时间：2020-02-28 14:04:47 作者：该忘了 浏览量：60813
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"In any case, I mean to make a new one, and since you have been here it has occurred to me that I might indulge my little eccentricity more safely if I had some competent and experienced person on whom I could rely, permanently in the household; some one who would be with me for an hour or so every day, an expert who would be in a position to
Shortly after Captain Dunn experienced this narrow escape from death Hugh Knox, afterwards Judge Knox, of Henderson, “incurring the displeasure of the Masons, was badly beaten by them. Others fared no better.” One day the Masons stole a negro woman and her two children belonging to Knox and took them to “their then quarters at the mouth of Highland Creek.” Knox raised a party, including Captain Dunn, and managed to regain the three negroes. Dunn’s participation in this rescue aroused the Masons against him to
“I remember the time I longed for one mighty bad,” quietly remarked an Alabama colonel present, as he knocked the ashes off his cigar and smiled at the turn the story was taking. “It was around Vicksburg, in the trenches, and Grant was crowding us day and night. We lived on raw beef and such dogs as happened to stray out of the city, and were begrimed, dirty, half starved and homesick. Right next to us in the trenches was a Tennessee company, whose captain always managed to ride around on a black thoroughbred horse, as handsome a creature as you ever saw, and which he kept slick and fat and curried always—though the Lord only knows where he got his rations from. I watched that fellow and soon caught onto his game. Every time the Yankees would crowd us pretty close, and it looked as if we would have to surrender anyhow in the teeth of such overwhelming numbers, this fellow’s horse would get frightened and, in spite of all his owner’s endeavors, would break away with him to the rear. One day the fight got terribly hot, our lines were cut nearly in two, they swarmed over the breastworks, it was a hand-to-hand fight. To add to the demoralization, here came this captain on his black horse, going to the rear by the lines like wild, pulling like Hercules on his horse’s mouth to stop him, and shouting back as he flew along:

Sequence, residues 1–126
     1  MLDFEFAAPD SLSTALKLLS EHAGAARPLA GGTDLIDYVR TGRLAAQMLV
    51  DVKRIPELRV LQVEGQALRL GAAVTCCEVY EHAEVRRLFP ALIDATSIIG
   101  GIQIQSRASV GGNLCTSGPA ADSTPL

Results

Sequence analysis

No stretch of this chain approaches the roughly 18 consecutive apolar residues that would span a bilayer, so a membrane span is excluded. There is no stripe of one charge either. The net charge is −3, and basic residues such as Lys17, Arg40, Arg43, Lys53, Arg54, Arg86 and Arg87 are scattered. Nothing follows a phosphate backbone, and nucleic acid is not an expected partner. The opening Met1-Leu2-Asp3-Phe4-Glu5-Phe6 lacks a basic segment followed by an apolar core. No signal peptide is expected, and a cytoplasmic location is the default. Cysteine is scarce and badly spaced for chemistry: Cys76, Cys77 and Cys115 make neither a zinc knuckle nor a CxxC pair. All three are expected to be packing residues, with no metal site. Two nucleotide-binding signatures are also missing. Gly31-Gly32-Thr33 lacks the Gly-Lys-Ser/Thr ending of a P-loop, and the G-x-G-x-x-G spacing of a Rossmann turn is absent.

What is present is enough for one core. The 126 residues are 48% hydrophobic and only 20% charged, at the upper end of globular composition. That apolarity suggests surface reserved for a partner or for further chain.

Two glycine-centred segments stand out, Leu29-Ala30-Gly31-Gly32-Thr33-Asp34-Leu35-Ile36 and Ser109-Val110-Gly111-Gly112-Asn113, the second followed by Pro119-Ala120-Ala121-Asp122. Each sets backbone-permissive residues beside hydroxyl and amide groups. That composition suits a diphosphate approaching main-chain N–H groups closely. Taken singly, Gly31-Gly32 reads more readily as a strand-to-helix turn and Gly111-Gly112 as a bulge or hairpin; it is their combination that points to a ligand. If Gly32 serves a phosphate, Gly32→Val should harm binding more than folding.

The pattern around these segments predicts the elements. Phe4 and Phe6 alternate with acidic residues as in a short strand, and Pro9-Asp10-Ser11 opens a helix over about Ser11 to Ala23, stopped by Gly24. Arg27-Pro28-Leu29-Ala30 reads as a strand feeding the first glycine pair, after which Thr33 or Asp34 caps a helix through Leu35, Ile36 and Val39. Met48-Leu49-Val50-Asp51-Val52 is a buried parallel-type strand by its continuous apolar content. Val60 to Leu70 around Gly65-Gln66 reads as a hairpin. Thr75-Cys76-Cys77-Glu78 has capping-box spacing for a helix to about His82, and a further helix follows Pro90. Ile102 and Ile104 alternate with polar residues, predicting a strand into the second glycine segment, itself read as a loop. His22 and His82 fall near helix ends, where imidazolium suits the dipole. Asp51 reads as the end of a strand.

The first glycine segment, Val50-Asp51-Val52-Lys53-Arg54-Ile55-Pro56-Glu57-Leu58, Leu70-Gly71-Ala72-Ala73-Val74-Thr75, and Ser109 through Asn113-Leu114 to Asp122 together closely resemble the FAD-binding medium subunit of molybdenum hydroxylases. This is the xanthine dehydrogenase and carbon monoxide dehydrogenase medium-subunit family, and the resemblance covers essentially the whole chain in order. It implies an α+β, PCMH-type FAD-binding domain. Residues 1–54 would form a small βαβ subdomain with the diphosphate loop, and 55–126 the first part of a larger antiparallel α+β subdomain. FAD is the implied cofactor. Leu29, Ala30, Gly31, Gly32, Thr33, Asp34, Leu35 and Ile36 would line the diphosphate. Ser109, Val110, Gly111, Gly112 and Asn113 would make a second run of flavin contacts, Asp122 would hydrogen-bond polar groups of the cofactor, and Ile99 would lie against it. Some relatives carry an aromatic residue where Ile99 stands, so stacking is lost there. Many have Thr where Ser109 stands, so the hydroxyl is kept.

“Were yours, too, left by hand—by a Chinaman?”
In the modern city of Catania, for example, I came suddenly one day upon the ruins of the forum of a Roman city which was buried under the modern Italian one. At Palermo I learned that when the members of the Mafia, which is the Sicilian name for the "Black Hand," want to conceal a murder they have committed, they put the body in one of the many ancient tombs outside the city, and leave it there for some archæologist to discover and learn from it the interesting fact that the ancient inhabitants of Sicily were in all respects like the modern inhabitants.
Here ends the paper read by Mr. Wells to the Fabian Society, but in this that follows he sets out the Socialist conception of the new relations that must follow the old much more clearly.